Report: UK Close to Abandoning Brexit-EU Deal, Will Likely Leave Bloc Fully in December

Britain's Prime Minister Boris Johnson and US Secretary of State Mike Pompeo (not in picture) sit in socially distanced chairs in the garden of 10 Downing street in central London on July 21, 2020. (Photo by HANNAH MCKAY / POOL / AFP) (Photo by HANNAH MCKAY/POOL/AFP via Getty Images)
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The United Kingdom may properly depart the European Union on December 31st, as voted for by the British people way back in 2016, as negotiations to sign a deal that would see the nation keep links to Brussels in the future falters, a British newspaper has claimed.

While Britain and the EU are presently in talks to achieve an agreement on a future relationship between the two parties, progress appears to have stalled as Brussels remains wedded to an ideal that would keep Britain tied to the block — and under its control — in several areas. Likewise, the British team is keeping up the pressure on achiving a much loser relationship where London and Brussels remain close friends, but British interests are not controlled by Europe.

Now a report in British broadsheet The Daily Telegraph — probably the closest UK newspaper to the government in terms of access to senior figures — cites unnamed ministers who it claims believe the deal will not be signed at all. If that were to come to pass, the United Kingdom would leave the European Union fully and without condition on December 31st 2020, trading with the bloc on standard World Trade Organisation rules.

The concept of such a withdrawal — despite businesses and nations having had four and a half years to prepare for it — is a matter of horror to the considerable number of anti-Brexit politicians in the United Kingdom, and the European Union, which is totally opposed to losing control of Britain’s market and regulations, fishing waters, and legal system. Nevertheless, it has long been cited as the ideal outcome by top Brexiteers like Nigel Farage, who on the fourth anniversary of the referendum warned of a “Brexit in name only” where “We’d still be in the EU rulebook, we’d be hampered doing trade with the rest of the world, we would not be genuinely an independent sovereign state.”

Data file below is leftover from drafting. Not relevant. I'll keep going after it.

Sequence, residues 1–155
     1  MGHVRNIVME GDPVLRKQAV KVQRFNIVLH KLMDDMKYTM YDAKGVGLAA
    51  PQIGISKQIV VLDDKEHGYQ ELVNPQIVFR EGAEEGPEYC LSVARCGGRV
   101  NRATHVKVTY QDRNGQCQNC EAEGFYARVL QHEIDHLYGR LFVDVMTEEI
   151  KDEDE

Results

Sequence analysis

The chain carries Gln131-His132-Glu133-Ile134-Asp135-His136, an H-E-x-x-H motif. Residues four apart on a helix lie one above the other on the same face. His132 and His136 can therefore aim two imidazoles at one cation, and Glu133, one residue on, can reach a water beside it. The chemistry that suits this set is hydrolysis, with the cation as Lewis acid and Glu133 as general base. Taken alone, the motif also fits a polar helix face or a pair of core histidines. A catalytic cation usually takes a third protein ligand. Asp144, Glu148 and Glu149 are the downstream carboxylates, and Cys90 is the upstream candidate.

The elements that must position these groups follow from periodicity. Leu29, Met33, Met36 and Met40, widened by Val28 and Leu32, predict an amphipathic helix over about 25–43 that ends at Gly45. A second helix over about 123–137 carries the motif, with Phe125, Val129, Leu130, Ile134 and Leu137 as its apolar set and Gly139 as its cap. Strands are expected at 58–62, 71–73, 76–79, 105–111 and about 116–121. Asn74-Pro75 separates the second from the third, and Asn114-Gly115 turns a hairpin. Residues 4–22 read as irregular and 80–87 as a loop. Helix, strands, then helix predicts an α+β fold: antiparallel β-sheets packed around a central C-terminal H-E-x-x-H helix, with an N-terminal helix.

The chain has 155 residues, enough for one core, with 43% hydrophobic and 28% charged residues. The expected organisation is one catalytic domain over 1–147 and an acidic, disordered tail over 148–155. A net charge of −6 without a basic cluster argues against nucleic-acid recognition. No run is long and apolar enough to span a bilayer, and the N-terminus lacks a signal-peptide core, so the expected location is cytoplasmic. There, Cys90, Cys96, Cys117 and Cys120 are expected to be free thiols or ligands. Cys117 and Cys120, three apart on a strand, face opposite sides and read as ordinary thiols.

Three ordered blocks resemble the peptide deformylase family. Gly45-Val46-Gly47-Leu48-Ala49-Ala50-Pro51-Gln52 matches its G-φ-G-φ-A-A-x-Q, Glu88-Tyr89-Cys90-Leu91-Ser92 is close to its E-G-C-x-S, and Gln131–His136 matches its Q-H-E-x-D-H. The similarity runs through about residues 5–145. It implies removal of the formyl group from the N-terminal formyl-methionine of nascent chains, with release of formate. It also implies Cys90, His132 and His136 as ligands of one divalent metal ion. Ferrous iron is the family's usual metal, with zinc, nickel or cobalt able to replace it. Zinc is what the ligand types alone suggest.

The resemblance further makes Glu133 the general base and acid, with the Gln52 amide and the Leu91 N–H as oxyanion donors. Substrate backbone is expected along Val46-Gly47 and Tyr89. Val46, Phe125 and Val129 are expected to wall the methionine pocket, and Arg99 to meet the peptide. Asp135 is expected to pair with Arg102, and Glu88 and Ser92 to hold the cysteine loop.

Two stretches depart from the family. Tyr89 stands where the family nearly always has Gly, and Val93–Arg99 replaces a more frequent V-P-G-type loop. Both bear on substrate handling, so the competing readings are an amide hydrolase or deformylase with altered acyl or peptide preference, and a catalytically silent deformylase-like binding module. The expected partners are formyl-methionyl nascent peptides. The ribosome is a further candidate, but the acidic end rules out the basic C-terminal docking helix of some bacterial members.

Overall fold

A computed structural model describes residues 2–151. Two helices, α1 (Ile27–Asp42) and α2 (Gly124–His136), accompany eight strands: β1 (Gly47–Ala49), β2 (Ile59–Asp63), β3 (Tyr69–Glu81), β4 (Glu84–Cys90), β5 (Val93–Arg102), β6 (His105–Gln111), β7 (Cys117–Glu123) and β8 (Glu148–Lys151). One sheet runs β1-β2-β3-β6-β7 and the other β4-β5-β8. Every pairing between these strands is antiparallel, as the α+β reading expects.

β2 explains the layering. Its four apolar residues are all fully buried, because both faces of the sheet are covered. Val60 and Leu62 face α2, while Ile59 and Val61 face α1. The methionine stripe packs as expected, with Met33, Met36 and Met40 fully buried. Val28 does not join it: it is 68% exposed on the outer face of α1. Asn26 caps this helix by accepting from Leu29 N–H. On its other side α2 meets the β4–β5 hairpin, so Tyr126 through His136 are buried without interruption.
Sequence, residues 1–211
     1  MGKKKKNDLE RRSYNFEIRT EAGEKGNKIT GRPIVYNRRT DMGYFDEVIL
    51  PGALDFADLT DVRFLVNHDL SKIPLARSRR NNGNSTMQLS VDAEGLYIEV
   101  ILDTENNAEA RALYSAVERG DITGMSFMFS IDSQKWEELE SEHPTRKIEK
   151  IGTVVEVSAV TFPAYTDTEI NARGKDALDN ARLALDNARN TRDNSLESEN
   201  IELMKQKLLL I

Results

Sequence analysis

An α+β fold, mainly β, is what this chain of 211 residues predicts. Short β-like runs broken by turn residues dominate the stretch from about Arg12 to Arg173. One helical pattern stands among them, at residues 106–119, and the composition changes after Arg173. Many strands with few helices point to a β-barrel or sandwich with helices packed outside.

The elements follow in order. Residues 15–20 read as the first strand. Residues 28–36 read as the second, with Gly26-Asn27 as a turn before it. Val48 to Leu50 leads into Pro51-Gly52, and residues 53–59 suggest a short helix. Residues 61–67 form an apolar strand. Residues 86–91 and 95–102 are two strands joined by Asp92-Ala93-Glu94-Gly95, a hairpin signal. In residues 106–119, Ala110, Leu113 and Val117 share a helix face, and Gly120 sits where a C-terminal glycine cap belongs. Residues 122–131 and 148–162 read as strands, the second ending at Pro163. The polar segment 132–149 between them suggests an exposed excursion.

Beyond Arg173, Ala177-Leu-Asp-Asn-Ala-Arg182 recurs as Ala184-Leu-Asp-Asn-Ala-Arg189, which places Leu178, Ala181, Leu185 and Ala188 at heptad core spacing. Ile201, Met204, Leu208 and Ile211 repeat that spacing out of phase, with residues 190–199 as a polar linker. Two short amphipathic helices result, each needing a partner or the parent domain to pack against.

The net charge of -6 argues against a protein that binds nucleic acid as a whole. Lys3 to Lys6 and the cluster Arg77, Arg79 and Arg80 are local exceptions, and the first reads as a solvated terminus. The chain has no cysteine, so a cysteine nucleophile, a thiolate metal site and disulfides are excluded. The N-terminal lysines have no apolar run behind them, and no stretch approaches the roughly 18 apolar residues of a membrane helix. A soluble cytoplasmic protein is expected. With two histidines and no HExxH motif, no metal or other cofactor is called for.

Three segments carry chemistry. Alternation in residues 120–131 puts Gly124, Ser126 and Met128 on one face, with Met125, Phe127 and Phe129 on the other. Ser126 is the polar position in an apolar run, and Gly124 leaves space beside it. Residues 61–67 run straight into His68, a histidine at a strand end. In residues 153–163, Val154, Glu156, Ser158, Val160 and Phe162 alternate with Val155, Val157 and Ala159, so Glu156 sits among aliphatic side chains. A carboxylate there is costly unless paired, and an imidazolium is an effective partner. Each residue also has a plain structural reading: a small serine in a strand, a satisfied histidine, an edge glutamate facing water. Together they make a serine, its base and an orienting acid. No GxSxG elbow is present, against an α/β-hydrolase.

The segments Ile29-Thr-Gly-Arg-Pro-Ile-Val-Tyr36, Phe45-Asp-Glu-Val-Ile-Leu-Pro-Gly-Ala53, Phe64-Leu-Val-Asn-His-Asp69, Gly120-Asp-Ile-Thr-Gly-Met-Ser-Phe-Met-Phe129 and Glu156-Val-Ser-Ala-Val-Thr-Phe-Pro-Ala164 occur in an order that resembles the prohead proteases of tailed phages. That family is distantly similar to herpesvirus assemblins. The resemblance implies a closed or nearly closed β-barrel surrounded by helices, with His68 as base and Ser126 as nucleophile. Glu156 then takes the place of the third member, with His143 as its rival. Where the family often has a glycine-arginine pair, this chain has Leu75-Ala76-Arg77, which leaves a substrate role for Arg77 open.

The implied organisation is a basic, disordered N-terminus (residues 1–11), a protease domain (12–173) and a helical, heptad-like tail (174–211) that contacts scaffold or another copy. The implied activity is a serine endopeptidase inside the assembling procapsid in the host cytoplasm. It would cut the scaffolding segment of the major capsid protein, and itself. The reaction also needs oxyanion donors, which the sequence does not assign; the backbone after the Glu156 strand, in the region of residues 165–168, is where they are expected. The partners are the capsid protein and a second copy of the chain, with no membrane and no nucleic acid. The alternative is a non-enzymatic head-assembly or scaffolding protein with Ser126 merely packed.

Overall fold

In cheering news for Brexiteers, then, the Telegraph’s report noted the going assumption between leaders in Westminster is now that “there won’t be a deal”.

The report cites a looming “deadline” for talks, although there are several of those approaching, and many more that have already passed. June 30th was a deadline to extend talks and the transition period beyond the end of the year, but that passed almost wholly without comment, not least because EU negotiators made clear in their desire to make sure a deal to keep London close to Brussels, they would ignore it and agree an extension later if requested.

Downing Street has also spoken of deadlines to get the deal signed off in late summer, giving time to get whatever such an agreement specifies ready and businesses prepared for December 31st. A vague “end of summer” deadline was mooted in June, with “intensified” talks and running up to the final round starting on July 27th. By late June, the “end of September” was being floated as the absolute limit for talks by the Prime Minister, who was “very clear” that “talks can’t go on into the autumn.”

These are all later than earlier aspirations to have talks concluded one way or another by the end of July.

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